Election or acclamation? Three of 11 council seats uncontested in Barrie

There are more uncontested seats in Barrie’s municipal election than days left to register to run.

With the deadline to file candidacy in the 2018 election set for Friday afternoon, three of 11 city council seats are headed toward acclamation. And only one candidate is registered for trustee seats in the Simcoe County District School Board wards 7 to 10, Simcoe Muskoka Catholic District School Board wards 1 to 5 and Conseil scolaire catholique MonAvenir areas.

On Barrie council, incumbents Jeff Lehman (mayor), Sergio Morales (Ward 9) and Mike McCann (Ward 10) are currently running unopposed.

Ward 1 Coun. Bonnie Ainsworth, who is not vying for re-election, said a run for political office can cost thousands of dollars these days. Many candidates also run on a controversial issue or after a bad experience with government, but council has been relatively calm over the last four years.

“A lot of it is leadership and public opinion,” she said. “Often people run because they … strongly object to something. ‎Under Mayor Lehman’s lead, our council has not been controversial. I don’t think anyone running to unseat an incumbent is doing it because they think they can do better. I just think they want the job for any number of reasons which is absolutely their right. It also costs a lot of money to run now … and the thought of not winning could be off-putting.” 

In 2014, two seats — Michael Prowse in Ward 6 and Maria Hardie in Simcoe Muskoka Catholic District School Board’s Area 2 — were acclaimed in the city. No candidates were handed seats in 2010.

The overall number of candidates is also down from previous elections. A total of 41 candidates are currently registered to run. But 62 council and trustee candidates signed up in 2014 and 66 ran in 2010.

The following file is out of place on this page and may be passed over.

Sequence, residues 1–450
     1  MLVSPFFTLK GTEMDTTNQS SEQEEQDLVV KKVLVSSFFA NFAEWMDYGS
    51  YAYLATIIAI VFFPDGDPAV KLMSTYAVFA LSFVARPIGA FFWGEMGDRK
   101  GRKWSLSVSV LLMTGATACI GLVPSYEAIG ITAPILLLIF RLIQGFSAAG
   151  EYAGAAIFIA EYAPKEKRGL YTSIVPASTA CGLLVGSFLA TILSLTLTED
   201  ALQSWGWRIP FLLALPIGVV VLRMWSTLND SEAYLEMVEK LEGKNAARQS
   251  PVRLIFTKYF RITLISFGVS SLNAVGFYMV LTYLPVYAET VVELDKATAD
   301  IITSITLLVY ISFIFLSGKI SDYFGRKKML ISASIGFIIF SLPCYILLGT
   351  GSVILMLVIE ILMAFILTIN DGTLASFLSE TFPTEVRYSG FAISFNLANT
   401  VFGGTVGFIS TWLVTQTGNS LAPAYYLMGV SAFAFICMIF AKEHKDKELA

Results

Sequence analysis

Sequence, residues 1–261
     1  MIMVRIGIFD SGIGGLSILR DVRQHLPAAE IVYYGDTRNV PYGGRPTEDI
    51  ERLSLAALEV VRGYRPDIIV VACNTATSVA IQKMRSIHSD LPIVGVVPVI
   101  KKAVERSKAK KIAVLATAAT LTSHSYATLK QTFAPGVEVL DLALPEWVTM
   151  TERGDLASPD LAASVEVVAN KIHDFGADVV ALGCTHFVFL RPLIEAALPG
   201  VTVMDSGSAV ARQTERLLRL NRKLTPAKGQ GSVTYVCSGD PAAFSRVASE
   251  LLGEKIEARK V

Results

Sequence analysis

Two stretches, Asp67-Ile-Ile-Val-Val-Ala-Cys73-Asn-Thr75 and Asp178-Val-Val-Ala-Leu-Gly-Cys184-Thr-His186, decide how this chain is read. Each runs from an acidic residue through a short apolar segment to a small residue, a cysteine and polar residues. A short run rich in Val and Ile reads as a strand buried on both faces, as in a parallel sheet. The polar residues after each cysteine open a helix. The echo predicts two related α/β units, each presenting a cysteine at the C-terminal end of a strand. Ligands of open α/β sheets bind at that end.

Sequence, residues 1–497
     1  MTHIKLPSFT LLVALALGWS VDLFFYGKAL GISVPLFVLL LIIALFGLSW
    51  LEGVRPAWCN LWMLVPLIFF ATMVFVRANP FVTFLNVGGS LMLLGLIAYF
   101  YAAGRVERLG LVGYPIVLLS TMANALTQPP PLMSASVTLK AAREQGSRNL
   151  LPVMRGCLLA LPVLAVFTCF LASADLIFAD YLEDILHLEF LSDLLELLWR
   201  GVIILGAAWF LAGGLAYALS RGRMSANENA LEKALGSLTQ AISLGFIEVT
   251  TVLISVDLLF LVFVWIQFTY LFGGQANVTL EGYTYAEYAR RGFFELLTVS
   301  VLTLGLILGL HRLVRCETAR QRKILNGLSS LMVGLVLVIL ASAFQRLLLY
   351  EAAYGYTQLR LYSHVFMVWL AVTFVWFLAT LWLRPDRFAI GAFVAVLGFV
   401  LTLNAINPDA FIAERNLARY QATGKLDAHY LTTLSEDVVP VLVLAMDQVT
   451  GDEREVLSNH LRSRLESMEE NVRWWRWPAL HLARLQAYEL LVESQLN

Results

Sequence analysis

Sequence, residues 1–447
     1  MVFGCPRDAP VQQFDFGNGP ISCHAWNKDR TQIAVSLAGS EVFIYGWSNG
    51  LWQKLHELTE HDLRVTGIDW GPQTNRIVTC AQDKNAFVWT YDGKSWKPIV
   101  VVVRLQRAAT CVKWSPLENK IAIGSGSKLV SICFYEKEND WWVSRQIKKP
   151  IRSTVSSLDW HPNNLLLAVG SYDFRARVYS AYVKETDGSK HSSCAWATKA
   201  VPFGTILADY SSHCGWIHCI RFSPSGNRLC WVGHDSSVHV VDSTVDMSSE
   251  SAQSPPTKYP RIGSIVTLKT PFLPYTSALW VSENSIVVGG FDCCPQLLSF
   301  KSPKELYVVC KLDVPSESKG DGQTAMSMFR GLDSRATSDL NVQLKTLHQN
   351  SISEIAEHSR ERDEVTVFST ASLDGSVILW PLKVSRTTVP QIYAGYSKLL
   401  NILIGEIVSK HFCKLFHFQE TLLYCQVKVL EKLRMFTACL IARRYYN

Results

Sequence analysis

It seems Barrie may be caught in a provincewide trend, city clerk Wendy Cooke said.

“We’re into the final week to register and so far we’ve not seen many candidates coming forward,” she said. “Other municipalities that I’ve spoken to are also reporting similar unusually low numbers. Last year, 22 candidates filed in the last two weeks, so we might get busy this week. There’s still time to register to run in the upcoming municipal election.”

Residents can sign-up to run for city mayoral and councillor positions, and nominations for trustee positions in the Simcoe County, Simcoe Muskoka Catholic District, Viamonde and catholique MonAvenir school boards are also open.

The nomination period runs until 2 p.m. July 27. The municipal election is Oct. 22.

Candidates can submit a nomination form and applicable fee ($200 for mayor, $100 for all other positions) at city hall, 70 Collier St. They must also meet eligibility requirements. Candidates running for mayor and councillor positions need to submit an endorsement form signed by 25 people who can currently vote in the city.

More information is available at .

Why a heritage forest near Beeton represents ‘first chapter in town’s history’

Residents who have watched over Beeton’s heritage forest for decades will continue to play an important role to ensure the property remains protected for generations to come.

Neal Arbic belongs to the group of 40 volunteers who have maintained the walking trails throughout the forest and lobbied council to protect its natural features and archeological sites.